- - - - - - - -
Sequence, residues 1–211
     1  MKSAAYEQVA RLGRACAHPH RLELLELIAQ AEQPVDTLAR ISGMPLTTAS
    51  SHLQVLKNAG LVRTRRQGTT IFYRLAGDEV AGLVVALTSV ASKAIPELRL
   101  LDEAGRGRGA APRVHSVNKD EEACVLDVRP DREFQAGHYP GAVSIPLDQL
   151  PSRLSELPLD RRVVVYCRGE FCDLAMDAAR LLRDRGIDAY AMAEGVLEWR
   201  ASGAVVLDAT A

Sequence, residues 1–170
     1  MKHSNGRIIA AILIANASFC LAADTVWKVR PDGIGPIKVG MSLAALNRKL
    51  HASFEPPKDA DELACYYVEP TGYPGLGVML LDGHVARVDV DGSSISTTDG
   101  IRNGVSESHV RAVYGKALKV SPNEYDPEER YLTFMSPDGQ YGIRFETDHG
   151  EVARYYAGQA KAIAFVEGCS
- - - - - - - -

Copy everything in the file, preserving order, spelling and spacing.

Sequence, residues 1–211
     1  MKSAAYEQVA RLGRACAHPH RLELLELIAQ AEQPVDTLAR ISGMPLTTAS
    51  SHLQVLKNAG LVRTRRQGTT IFYRLAGDEV AGLVVALTSV ASKAIPELRL
   101  LDEAGRGRGA APRVHSVNKD EEACVLDVRP DREFQAGHYP GAVSIPLDQL
   151  PSRLSELPLD RRVVVYCRGE FCDLAMDAAR LLRDRGIDAY AMAEGVLEWR
   201  ASGAVVLDAT A

Sequence, residues 1–170
     1  MKHSNGRIIA AILIANASFC LAADTVWKVR PDGIGPIKVG MSLAALNRKL
    51  HASFEPPKDA DELACYYVEP TGYPGLGVML LDGHVARVDV DGSSISTTDG
   101  IRNGVSESHV RAVYGKALKV SPNEYDPEER YLTFMSPDGQ YGIRFETDHG
   151  EVARYYAGQA KAIAFVEGCS